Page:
Last week we mentioned that Rena Lindevaldsen had written a book about the case of her Lisa Miller, who kidnapped her daughter and fled the country rather than abide by court ordered custody arrangements that conflicted with God’s law.
We ordered a copy and have been reading through it and Lindevaldsen dedicates the entire second chapter to explaining how people become gay. She begins the chapter by admitting that she is not trained as a doctor or psychologist … and then proceeds to explain how people become gay due to poor relationship with their parents and/or sexual abuse:
For men with temperaments that predispose them to same-sex attractions, two key factors are (i) the lack of a strong father-son bond, and (ii) same-sex abuse as a child. For women, two key life factors are (i) the lack of a healthy relationship between mom and dad and (ii) sexual abuse (primarily opposite-sex) as a child …
Picture for a moment, a boy who is artistic, sensitive, talkative, and, as is frequently the case, not very athletic. Now imagine that his father has made clear that he had dreamed of having a boy that would be a star athlete. At some point, in some way, the father conveys his disappointment to his son, either expressly or implicitly – perhaps the father doesn’t spend time with this son or takes no interest in his son’s more artistic interests. The son soon realizes that he hasn’t lived up his father’s expectations and that he’s different (since the kids at school also make fun of his interests and personality.) It doesn’t take long before the son wishes he could be more like his father. Soon, the desire to be more like his father leads to the son idolizing other boys and men who have all the characteristics he believes that he is lacking. In essence, he idolizes all that he thinks he is not. As he gets older, the feeling change from idolizing to a longing to be close with men – to be attracted to them. From the son’s perspective, he hopes that having a sexual relationship with a man he perceives to be all that he is not will fill the void in his life, will make him feel whole, but it does not …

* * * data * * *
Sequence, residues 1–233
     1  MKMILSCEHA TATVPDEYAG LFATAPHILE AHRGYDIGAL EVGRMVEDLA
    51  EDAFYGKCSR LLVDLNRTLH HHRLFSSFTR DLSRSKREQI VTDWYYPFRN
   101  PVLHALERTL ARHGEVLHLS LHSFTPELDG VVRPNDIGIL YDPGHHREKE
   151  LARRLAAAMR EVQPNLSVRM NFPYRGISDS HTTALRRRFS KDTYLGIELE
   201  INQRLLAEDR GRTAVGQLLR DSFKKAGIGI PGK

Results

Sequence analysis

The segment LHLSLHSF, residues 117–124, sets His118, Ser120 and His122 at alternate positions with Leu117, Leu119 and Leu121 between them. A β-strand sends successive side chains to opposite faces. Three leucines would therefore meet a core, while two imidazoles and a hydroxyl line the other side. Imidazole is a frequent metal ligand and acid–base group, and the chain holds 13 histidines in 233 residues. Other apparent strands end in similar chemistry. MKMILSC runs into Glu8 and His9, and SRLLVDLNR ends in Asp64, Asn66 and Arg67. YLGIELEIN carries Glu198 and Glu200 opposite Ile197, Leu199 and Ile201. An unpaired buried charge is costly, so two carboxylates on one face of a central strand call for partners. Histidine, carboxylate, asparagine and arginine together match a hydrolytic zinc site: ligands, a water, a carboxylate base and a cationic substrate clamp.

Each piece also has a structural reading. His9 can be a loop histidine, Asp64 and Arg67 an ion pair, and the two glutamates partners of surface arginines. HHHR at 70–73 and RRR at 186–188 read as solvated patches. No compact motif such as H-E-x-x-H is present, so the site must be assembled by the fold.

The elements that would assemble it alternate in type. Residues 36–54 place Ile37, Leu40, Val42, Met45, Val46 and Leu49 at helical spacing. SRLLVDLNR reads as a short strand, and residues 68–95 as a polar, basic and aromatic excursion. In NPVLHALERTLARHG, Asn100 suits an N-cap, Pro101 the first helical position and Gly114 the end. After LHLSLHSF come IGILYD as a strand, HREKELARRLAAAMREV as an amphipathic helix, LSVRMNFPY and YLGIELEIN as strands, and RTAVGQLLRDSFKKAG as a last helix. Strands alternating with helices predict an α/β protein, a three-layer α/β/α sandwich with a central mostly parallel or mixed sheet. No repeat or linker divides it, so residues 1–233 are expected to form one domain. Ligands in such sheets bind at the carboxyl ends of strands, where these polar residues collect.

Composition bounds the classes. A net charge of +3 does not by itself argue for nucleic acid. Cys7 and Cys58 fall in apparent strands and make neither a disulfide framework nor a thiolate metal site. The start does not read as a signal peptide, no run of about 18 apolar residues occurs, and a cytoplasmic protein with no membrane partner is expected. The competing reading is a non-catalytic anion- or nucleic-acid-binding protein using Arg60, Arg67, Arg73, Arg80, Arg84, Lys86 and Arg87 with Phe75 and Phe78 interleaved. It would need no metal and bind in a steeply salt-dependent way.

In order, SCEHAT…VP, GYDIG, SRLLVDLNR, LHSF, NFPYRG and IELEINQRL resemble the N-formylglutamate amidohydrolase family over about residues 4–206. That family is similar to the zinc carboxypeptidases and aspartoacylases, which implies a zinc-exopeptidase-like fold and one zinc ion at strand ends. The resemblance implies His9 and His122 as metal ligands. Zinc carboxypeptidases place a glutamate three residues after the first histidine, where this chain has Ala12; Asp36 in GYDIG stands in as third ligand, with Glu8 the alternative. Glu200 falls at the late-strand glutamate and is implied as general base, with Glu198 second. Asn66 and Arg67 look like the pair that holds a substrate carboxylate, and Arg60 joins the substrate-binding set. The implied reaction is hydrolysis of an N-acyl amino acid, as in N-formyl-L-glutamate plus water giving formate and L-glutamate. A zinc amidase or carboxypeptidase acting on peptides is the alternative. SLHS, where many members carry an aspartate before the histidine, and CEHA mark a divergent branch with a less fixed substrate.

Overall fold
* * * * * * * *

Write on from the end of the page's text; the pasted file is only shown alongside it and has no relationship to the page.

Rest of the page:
You can change the fact pattern many ways, including a loving father who works such long hours in an attempt to provide for his family that he doesn’t take the time, or even know how, to express signs of affection for his son. Unfortunately, the boy misperceives the lack of attention as feelings that his father does not love him, that he does not measure up to what he should be. If a boy who is dealing with these feelings of inadequacy and self-doubt is sexually abused by an older man, it could send him more quickly down the path of struggling with same-sex attractions – finally he has a man in his life who cares for and loves him; finally, he feels wanted. To a young boy dealing with self-esteem and identity issues, same-sex sexual abuse only compounds the struggles with same-sex attractions.
Lindevaldsen goes on to explain that women become lesbians because of domineering mothers and abusive fathers, coupled with a society that celebrates things like Katy Perry’s “I Kissed A Girl.”
We’ve only made it about half-way through Lindevaldsen’s book, but there are surely more good excerpts to come as future chapters on “Helping Others Make The Choice To Leave The Homosexual Lifestyle,” “How Homosexuality Impacts Our Children,” and “Understanding How The Homosexual Rights Movement Affects You And Your Loved Ones” seem to contain lots of promising material.
Oh, and it is probably worth pointing out that Lindevaldsen maintains a blog at OnlyOneMommy.com.